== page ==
Contraceptive drug shows promise for preventing and regressing cervical cancer

Contraceptive drug shows promise for preventing and regressing cervical cancer
A: Apoptosis increases after 16 hours of MPA treatment. Cervical sections were subjected to TUNEL assay to detect apoptotic cells. Cells with green staining indicate apoptotic cells. Note that there are more apoptotic cells in the MPA-treated cervix. Nuclei were stained blue. White dotted lines demarcate the border between the epithelium (ep) and stroma (st). B: Cervical tissue sections were stained with hematoxylin and eosin (H&E). Note that MPA induces hypoplasia (i.e., thin epithelium) only in progesterone receptor (PR)-positive mice (Pgr+/-). However, in PR-negative mice (Pgr-/-), cervical epithelium is as hyperplastic as vehicle-treated mice, and cervical cancer is present. Credit: The American Journal of Pathology

A new study in The American Journal of Pathology reports that medroxyprogesterone acetate (MPA), the active ingredient in the common contraceptive injection Depo-Provera, was effective in preventing the development of cervical cancer in mice with precancerous lesions. The drug also decreased existing precancerous lesions. If proven effective clinically, MPA may be a boon to women who do not have access to human papillomavirus (HPV) vaccines.

"Although HPV vaccines have been available since 2006, the incidence of precancerous lesions ( or CIN) and due to HPV has not decreased substantially. The high cost and lack of a global vaccination program have limited the use of these vaccines. A non-invasive, efficient means to treat CIN is urgently needed," explained lead investigator Sang-Hyuk Chung, Ph.D., of the Center for Nuclear Receptors and Cell Signaling, Department of Biology and Biochemistry at the University of Houston, Houston, TX, USA.

Similar to cervical progression in women, mouse cervical neoplastic disease develops through multiple stages, starting from CIN and culminating in invasive cancer.

Previously, efforts to develop a non-invasive treatment for CIN have been limited. Dr. Chung and co-investigators at the University of Houston had previously shown that MPA regresses cervical cancer in a mouse model expressing HPV genes responsible for cancer. In this study, they treated CIN-bearing mice with MPA.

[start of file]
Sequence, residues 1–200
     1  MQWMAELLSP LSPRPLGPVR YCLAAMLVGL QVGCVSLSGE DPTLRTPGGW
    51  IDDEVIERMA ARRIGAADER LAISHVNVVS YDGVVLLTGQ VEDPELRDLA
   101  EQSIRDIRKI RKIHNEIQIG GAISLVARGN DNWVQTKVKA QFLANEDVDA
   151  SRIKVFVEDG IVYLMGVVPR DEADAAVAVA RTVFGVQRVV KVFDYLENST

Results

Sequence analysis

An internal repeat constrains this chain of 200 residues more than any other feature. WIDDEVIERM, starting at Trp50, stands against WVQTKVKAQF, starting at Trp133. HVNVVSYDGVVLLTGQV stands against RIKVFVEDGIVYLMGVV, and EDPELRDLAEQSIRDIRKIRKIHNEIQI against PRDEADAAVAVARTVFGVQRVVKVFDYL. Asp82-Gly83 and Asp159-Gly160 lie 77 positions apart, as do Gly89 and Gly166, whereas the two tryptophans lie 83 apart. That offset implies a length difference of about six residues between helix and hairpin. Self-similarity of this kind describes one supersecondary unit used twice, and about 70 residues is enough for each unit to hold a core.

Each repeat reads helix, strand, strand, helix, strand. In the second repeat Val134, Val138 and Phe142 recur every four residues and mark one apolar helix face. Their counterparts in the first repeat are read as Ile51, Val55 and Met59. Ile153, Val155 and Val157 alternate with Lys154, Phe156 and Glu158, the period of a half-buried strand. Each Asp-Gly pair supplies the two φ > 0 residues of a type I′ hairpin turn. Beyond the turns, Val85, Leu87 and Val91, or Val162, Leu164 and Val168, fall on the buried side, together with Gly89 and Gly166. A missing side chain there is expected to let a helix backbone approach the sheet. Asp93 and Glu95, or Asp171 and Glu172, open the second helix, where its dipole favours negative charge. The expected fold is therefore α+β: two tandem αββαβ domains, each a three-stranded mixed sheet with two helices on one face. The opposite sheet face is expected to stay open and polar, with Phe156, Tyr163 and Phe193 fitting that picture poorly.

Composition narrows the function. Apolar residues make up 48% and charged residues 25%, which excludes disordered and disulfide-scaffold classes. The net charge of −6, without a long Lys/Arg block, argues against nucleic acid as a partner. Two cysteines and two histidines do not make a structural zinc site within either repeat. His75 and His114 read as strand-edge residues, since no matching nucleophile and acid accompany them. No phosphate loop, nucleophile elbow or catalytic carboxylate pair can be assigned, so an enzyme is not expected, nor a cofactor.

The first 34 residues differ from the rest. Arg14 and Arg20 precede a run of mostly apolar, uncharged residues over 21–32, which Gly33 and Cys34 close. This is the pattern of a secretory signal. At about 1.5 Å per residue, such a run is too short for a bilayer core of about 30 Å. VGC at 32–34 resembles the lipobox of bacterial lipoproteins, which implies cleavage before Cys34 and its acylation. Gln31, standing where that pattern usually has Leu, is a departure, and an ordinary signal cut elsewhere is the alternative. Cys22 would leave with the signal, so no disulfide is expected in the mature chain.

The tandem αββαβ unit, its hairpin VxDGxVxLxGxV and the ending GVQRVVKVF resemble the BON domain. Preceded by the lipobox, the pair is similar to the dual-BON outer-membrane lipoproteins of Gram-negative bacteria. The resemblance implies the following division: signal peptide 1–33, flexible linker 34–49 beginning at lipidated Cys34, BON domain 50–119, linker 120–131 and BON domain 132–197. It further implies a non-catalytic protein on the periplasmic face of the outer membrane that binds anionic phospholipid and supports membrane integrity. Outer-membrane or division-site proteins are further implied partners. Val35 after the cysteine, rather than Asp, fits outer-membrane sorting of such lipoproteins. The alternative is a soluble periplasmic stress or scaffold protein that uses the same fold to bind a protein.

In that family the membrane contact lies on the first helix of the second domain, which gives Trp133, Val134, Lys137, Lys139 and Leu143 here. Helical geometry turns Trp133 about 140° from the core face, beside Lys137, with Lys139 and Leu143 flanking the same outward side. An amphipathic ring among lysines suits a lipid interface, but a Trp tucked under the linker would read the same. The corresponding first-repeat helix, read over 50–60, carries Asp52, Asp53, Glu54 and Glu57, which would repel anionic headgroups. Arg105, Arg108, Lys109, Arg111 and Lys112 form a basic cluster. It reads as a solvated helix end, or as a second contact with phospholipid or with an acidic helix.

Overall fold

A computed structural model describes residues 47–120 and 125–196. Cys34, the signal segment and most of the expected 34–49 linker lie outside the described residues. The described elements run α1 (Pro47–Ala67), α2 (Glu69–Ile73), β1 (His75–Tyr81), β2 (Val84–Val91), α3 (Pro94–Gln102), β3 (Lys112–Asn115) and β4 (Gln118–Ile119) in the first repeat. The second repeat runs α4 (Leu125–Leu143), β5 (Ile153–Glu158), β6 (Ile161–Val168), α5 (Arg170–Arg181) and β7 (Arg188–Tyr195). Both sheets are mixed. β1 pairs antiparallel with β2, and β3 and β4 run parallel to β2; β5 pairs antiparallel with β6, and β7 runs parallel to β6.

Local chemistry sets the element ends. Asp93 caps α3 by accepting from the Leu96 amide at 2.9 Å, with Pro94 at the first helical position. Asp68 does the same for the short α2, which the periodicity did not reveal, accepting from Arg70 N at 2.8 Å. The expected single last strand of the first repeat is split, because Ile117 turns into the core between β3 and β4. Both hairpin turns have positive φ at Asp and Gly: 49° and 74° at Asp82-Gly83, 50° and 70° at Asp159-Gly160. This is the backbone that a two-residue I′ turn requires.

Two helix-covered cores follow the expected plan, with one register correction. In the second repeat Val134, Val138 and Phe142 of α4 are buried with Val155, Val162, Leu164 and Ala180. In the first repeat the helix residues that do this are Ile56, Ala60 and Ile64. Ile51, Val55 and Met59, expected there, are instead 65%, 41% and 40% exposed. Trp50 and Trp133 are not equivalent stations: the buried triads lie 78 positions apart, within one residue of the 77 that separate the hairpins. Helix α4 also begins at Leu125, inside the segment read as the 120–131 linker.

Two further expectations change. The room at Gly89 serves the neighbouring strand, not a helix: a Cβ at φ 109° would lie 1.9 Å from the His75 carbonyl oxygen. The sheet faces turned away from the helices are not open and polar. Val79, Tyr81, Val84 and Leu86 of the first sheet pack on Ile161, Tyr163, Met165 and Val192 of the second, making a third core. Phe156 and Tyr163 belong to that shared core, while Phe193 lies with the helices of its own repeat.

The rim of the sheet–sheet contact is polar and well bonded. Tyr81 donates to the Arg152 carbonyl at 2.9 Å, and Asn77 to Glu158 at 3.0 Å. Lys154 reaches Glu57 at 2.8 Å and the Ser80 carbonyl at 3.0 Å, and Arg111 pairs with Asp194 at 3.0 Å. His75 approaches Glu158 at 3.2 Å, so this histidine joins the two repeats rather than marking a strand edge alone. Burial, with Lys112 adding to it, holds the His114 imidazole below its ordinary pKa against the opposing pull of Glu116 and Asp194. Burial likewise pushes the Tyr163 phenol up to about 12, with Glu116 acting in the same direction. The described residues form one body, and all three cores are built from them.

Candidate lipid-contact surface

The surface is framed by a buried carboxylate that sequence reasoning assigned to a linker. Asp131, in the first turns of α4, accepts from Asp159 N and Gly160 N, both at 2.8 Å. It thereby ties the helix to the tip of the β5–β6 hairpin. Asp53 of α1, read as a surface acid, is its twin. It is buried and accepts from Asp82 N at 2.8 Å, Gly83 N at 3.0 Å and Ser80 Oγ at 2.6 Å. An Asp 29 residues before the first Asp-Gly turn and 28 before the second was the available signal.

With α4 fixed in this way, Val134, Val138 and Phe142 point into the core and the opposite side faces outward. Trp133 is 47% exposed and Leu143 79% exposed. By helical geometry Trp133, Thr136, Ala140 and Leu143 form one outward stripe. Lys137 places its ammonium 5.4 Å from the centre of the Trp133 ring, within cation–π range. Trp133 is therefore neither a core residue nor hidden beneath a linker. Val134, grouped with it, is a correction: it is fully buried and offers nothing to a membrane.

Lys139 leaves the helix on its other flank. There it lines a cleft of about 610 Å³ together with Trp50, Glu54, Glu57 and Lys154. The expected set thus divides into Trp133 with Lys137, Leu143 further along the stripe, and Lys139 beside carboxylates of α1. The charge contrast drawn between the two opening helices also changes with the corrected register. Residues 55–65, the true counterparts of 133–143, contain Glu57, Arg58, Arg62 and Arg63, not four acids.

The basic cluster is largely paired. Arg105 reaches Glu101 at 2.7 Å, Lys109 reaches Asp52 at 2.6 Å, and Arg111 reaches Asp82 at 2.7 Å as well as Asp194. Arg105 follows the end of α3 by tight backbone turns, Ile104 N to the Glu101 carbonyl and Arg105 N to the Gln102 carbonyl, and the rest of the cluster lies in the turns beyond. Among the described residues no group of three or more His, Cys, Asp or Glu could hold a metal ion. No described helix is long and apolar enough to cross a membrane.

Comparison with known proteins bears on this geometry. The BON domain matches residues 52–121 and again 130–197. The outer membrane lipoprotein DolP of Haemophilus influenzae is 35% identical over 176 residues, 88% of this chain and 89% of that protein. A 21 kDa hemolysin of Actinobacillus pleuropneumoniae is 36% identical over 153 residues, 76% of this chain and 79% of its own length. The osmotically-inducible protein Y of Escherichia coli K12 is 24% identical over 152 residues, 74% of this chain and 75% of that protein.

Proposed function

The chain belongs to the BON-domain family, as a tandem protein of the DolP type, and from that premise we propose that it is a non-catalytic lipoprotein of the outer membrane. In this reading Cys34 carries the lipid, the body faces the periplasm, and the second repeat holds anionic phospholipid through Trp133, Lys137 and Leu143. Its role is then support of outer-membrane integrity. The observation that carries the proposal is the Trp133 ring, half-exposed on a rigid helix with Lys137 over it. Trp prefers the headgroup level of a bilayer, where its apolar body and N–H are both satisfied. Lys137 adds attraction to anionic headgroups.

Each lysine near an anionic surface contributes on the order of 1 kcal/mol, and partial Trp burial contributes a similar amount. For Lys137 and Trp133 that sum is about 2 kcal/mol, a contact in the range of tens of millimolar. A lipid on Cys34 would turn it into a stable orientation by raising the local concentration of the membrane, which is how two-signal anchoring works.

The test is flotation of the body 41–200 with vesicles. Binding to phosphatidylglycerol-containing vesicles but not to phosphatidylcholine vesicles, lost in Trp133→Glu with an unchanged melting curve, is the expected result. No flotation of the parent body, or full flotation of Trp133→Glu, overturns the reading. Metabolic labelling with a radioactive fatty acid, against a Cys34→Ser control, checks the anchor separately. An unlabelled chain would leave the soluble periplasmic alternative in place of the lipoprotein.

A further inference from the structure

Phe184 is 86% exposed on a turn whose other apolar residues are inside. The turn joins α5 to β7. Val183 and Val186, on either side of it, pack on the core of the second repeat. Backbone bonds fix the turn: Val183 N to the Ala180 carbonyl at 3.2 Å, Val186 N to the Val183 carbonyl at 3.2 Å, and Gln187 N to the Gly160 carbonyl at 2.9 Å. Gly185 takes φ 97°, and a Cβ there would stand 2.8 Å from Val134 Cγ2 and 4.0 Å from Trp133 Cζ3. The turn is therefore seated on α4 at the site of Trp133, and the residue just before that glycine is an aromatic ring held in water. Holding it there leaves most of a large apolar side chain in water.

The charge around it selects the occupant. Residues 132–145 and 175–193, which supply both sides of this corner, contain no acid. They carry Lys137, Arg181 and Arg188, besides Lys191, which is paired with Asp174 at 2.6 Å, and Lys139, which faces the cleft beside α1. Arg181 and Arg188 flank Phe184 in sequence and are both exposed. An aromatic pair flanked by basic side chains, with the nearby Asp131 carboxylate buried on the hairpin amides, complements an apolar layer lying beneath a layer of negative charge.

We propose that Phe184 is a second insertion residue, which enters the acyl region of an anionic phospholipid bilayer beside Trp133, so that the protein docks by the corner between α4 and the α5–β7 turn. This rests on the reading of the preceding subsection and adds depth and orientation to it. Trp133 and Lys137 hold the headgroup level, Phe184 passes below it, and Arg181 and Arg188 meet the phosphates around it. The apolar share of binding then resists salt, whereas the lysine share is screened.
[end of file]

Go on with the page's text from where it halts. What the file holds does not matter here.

Investigators found that cervical cancer did not develop in mice receiving MPA. Further, CIN was absent in most MPA-treated mice, indicating that MPA may be "chemoprotective," not only preventing CIN from progressing to invasive cancer, but also promoting its regression.

The study determined that MPA inhibited cell proliferation and promoted apoptosis (cell death) in CIN lesions. In addition, the preventive effect of MPA was absent in HPV transgenic mice in which the expression of progesterone receptor (PR) was genetically prevented. These results suggest that MPA is efficient for treating PR-positive CIN lesions. PR-positivity may be a useful biomarker for selecting patients who may benefit from MPA in future clinical trials.

"We are optimistic because the we used in this study has been validated and revealed important mechanisms of cervical cancer," stated Dr. Chung. "MPA injectable suspensions are cheap and stable at room temperature; therefore, there is no need for special storage, which facilitates easy distribution. It is already used as the self-injectable contraceptive Depo-Provera, and thus translation into clinical use would be faster. MPA would be an effective chemoprevention agent for cervical cancer, particularly in women who do not have access to HPV vaccines. However, we should note that several studies have shown that MPA increases the risk of breast cancer."

Cervical cancer is the third most common and third most deadly cancer in women worldwide. HPV is considered a major factor in the development of cervical precancerous and cancers. Although HPV vaccines are effective at preventing HPV infections, they may not be readily available to women in under-developed countries and those of low socio-economic status in developed countries. Surgical removal of a CIN can be clinically beneficial but has adverse effects including shortening the cervix and increasing the risk of complications in future pregnancies—undesirable outcomes in women of child-bearing age. CIN has negative impact on psychological and psychosocial wellness of at levels similar to those caused by cervical cancer, underscoring the significance of this finding.

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Vaccination programs substantially reduce HPV infections and precancerous cervical lesions

More information: American Journal of Pathology (2019). DOI: 10.1016/j.ajpath.2019.08.013
Journal information: American Journal of Pathology

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Citation: Contraceptive drug shows promise for preventing and regressing cervical cancer (2019, November 12) retrieved 16 June 2021 from
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